U.S. SENATOR FOR WISCONSIN
Unlike many of her colleagues who were elected with razor thin margins, Baldwin was elected with the slight advantage of 6 points over her opponent, or 51.4% to 45.9% over GOP candidate Tommy Thompson. Though the win is partially representative of Wisconsin’s history as a swing state or a progressive state, it may also be partially attributed to support from larger areas like Madison, which turned out en masse to help Baldwin get elected.
However, Baldwin’s seat will be potentially vulnerable in the 2018 cycle, due to the state’s swing trends. The state has shifted increasingly to the right in the last two presidential cycles, with President Obama winning in 2012 with 52%, which is a four points lower than his 56% in 2008. While the narrowed margin could be partially attributed to 2012 GOP challenger Mitt Romney, the state also flipped for Trump in 2016, giving him 47.2% to Clinton’s 46.45%. In the same 2016 cycle,, Republican Ron Johnson also won with a four point lead over Democrat Russ Feingold, with 50.2% to 46.8%.
These potential vulnerabilities are additionally exacerbated by expected low turnout during the 2018 cycle. Wisconsin’s turnout in 2016 was at a twenty-year low, with an average of 66% of registered voters casting their ballots. With turnout expected to be even lower in 2018 - following traditional midterm shifts - every vote will count.
Our hope for Baldwin’s seat is to protect Baldwin’s seat, but to also reiterate the need for the Democratic party to focus on swing states like Wisconsin.
Tammy Baldwin was born in Madison, Wisconsin and raised by her grandparents in the Badger State. Her grandfather was a scientist at the University of Wisconsin and her grandmother was a gifted artist and seamstress who became chief costumer of the UW Theater Department.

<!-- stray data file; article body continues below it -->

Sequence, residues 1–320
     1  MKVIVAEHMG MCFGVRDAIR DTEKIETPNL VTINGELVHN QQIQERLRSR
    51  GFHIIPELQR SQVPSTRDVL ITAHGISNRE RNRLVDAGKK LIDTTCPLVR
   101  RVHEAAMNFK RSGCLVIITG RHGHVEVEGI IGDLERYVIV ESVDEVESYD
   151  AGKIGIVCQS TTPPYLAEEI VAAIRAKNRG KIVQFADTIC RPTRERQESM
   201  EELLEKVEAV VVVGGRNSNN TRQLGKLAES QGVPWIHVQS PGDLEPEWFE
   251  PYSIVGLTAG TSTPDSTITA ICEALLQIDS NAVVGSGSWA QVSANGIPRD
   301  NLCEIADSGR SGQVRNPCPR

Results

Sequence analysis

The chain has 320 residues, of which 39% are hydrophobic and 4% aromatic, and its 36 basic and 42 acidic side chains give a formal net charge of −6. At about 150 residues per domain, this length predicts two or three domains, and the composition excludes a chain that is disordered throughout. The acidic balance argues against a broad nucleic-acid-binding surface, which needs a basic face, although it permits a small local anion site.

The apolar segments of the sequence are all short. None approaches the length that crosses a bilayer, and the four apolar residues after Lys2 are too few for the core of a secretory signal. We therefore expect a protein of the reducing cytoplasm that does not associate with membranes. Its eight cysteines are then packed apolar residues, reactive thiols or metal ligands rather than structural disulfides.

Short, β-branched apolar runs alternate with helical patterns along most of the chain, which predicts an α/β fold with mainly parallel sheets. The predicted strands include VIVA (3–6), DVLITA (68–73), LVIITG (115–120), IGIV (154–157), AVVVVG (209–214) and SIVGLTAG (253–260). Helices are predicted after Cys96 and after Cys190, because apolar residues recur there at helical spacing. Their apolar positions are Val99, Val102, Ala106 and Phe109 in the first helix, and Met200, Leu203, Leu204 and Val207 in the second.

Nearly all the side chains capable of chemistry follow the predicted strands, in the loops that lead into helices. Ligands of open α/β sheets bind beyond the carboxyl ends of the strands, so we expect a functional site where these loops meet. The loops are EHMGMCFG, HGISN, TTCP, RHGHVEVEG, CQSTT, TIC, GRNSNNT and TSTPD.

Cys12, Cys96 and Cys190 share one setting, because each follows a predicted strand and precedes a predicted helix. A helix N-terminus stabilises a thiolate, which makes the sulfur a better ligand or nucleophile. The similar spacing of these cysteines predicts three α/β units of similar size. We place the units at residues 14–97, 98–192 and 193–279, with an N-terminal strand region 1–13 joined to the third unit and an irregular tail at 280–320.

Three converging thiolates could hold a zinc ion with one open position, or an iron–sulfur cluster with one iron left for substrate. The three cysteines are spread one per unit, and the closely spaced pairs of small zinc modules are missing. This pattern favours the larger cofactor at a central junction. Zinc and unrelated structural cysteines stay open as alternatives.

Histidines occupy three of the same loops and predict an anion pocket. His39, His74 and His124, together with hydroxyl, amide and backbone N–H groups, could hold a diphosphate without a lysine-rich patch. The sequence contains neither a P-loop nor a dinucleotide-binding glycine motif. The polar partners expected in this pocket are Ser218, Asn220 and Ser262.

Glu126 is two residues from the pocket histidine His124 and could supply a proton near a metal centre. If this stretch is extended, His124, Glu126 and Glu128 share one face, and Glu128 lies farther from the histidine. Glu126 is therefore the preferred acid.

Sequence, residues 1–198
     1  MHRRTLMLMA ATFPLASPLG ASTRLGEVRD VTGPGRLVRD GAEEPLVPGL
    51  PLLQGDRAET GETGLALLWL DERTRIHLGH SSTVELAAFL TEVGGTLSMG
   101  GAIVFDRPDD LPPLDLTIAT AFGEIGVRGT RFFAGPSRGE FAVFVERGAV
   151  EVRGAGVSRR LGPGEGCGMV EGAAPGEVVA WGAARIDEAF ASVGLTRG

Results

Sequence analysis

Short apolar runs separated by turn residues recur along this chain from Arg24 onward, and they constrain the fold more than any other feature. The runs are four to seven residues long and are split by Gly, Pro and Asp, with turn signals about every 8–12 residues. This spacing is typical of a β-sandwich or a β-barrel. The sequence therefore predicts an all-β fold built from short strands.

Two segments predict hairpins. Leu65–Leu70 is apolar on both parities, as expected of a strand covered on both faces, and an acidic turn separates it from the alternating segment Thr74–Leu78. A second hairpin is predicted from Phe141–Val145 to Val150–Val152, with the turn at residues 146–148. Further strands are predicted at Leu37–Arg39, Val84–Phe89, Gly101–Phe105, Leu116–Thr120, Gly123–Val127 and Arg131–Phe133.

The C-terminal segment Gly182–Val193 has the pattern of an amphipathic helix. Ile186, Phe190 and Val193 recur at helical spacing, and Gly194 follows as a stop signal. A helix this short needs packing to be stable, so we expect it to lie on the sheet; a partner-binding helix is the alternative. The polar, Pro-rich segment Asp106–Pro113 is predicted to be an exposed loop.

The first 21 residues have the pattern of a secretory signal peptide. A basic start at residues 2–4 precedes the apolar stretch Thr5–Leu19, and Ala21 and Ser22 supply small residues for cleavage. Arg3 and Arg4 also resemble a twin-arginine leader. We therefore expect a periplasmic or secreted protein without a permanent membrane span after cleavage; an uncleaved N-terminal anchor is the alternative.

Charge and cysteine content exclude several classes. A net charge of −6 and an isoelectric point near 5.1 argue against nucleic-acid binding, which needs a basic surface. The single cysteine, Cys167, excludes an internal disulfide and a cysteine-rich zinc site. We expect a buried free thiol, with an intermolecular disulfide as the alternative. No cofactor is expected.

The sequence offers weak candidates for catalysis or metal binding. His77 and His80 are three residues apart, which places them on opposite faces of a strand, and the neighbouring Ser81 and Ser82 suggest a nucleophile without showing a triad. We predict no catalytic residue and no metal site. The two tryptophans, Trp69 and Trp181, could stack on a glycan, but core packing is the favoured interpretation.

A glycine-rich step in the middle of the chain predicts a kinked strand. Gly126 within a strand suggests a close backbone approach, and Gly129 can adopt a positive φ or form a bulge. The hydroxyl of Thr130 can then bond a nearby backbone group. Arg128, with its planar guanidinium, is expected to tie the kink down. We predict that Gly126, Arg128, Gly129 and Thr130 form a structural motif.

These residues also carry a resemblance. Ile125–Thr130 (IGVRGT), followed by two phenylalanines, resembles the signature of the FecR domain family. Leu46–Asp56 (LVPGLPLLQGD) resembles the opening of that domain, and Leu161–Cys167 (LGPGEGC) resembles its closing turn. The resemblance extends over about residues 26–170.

When Tammy was nine years old, she was diagnosed with a serious childhood illness similar to spinal meningitis. She spent three months in the hospital. Her grandparents had health insurance, but they weren’t allowed to list Tammy as a dependent. Their insurance wouldn’t cover her care. They were forced to make great sacrifices to pay for Tammy’s healthcare. Tammy got better, and her grandparents looked for an insurance policy that would cover her in the future. But they discovered that, because of her previous illness, they couldn’t find such a policy. Not from any insurer. Not at any price. Tammy had been branded with the words “pre-existing condition.” Now, because of the Affordable Care Act, championed by Tammy in the U.S. House of Representatives and in the U.S. Senate, children have protections that they didn’t have before and can’t be denied coverage because of a pre-existing condition.
As her grandmother grew older, Tammy served as her grandmother’s primary caregiver – an extremely rewarding, but also challenging responsibility. Growing up in a grandfamily and being a caregiver shaped Tammy’s future in public service, as she led the bipartisan effort to support family caregivers by sponsoring and passing the RAISE Family Caregivers Act in the Senate.
From 1993 to 1999, Baldwin represented her state's 78th District in the Wisconsin State Assembly. While serving in the House (1999-2012), she became known for focusing on energy issues—serving on the House's Committee on Energy and Commerce—and for supporting LGBT rights and universal health care. Baldwin went on to become Wisconsin's first congresswoman, defeating Republican candidate Josephine Musser in the 1998 election for a seat in the U.S. House of Representatives. She became the first openly gay politician elected to the U.S. Senate, as well as the first Wisconsin woman elected to the Senate, in 2012.
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